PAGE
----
On July 20, Kijana received a text message from an anonymous number, saying: “You, JC Kijana. You came to Bukavu to set South Kivu on fire. Just wait. You are going to be sodomized until you bleed. You’re not more important than the others. I know everywhere you go, day and night.”

Following the release, unidentified men visited the homes of the two journalists and the two activists, looking for them. Men who said they were looking for Mpoyo visited his mother seven times. The four went into hiding because they fear for their lives.

Sources interviewed for the documentary have reportedly also received threats.

“I published this documentary because I thought it would help the people [of Mbobero],” Mpoyo told Human Rights Watch on July 19. “Until now, everybody, including the authorities, has been too afraid to talk openly about this incredibly sensitive dossier.”

The New Civil Society group reported that the presidential family purchased 200 hectares of land in Mbobero, a village 10 kilometers outside Bukavu, in 2010. Currently the family claims more than 600 hectares in the area.

The documentary shows that Kabila’s wife, Olive Lembe, accompanied state security forces, including Republican Guard soldiers – an elite force whose primary responsibility is to protect the president – during a raid on a local village.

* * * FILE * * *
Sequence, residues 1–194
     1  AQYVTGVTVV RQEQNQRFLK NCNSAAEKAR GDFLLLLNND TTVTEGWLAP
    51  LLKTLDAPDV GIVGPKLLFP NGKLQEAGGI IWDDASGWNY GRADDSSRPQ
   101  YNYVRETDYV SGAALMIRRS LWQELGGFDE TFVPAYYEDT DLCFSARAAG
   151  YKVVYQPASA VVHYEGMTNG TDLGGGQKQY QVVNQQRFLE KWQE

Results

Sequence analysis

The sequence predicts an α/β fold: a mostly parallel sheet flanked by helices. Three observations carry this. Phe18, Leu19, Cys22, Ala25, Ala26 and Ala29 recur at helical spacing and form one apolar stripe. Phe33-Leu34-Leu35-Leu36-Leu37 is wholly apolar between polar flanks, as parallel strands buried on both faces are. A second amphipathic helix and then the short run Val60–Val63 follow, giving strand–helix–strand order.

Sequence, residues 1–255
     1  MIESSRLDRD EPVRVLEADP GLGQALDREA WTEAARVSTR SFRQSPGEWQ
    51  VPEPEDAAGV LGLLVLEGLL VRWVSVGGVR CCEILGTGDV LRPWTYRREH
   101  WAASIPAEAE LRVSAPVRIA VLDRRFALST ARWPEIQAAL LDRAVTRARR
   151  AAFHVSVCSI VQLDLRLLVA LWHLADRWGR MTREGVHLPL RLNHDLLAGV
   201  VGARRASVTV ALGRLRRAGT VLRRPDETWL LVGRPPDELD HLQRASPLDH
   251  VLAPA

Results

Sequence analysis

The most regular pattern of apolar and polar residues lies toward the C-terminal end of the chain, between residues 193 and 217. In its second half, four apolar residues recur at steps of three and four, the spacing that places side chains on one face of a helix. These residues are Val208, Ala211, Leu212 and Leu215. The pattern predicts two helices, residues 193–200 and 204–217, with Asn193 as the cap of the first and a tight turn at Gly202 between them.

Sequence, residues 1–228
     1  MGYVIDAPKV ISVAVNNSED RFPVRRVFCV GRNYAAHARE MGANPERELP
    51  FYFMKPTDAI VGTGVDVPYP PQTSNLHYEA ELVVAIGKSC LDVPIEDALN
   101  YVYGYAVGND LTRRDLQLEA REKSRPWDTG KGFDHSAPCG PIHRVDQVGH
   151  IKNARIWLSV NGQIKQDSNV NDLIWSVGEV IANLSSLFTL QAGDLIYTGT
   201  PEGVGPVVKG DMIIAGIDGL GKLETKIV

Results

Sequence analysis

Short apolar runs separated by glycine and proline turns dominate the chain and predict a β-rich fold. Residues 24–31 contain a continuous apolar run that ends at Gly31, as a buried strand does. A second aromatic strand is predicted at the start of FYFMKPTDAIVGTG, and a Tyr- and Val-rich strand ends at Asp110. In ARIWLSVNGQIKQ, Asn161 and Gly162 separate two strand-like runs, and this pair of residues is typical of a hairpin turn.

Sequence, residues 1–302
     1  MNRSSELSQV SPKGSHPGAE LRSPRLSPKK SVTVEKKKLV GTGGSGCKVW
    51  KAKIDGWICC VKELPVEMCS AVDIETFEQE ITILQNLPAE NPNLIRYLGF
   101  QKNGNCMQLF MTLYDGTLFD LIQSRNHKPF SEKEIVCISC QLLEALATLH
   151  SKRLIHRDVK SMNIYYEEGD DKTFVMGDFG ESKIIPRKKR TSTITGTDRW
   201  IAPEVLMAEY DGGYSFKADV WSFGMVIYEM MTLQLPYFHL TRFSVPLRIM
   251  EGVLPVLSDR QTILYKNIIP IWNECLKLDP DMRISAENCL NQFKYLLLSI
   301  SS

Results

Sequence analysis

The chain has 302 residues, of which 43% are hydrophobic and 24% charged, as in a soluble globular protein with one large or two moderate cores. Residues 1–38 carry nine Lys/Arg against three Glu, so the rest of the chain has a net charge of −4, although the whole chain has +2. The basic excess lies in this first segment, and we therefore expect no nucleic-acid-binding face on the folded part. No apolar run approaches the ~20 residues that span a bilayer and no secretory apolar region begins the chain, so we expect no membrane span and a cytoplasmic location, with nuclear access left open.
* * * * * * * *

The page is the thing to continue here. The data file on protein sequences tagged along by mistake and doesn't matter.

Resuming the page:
“They came with a tractor to demolish our homes,” a victim of the first evictions, in January 2016, told Human Rights Watch. “I saw the governor [of South Kivu province] and the president’s wife. [At the hospital] the doctor who was operating on a patient asked them to wait so he could finish his work, but they didn’t listen to him.” The group said that 16 patients were forced to leave the hospital. Security forces then proceeded to destroy the hospital as well as about 50 nearby homes.

On February 15, 2016, security forces cracked down on a protest in Bukavu organized by the New Civil Society group against the evictions and briefly detained Kijana and some of his colleagues.

A second and third round of evictions began in February 2018. Security forces have since destroyed about 230 homes, the group said.

Many of the evicted families, including hundreds of children, are struggling, squatting in overcrowded homes with host families or sleeping in the open air. The village and surrounding area have had a large military presence since the evictions began, making it difficult for many villagers to reach their farms. Many children who lived in the demolished homes are no longer attending school. One primary school in the area has lost nearly half of its pupils since the evictions began. Evicted families have received no compensation or humanitarian assistance from the presidential family or other authorities since their homes were destroyed, activists and victims said.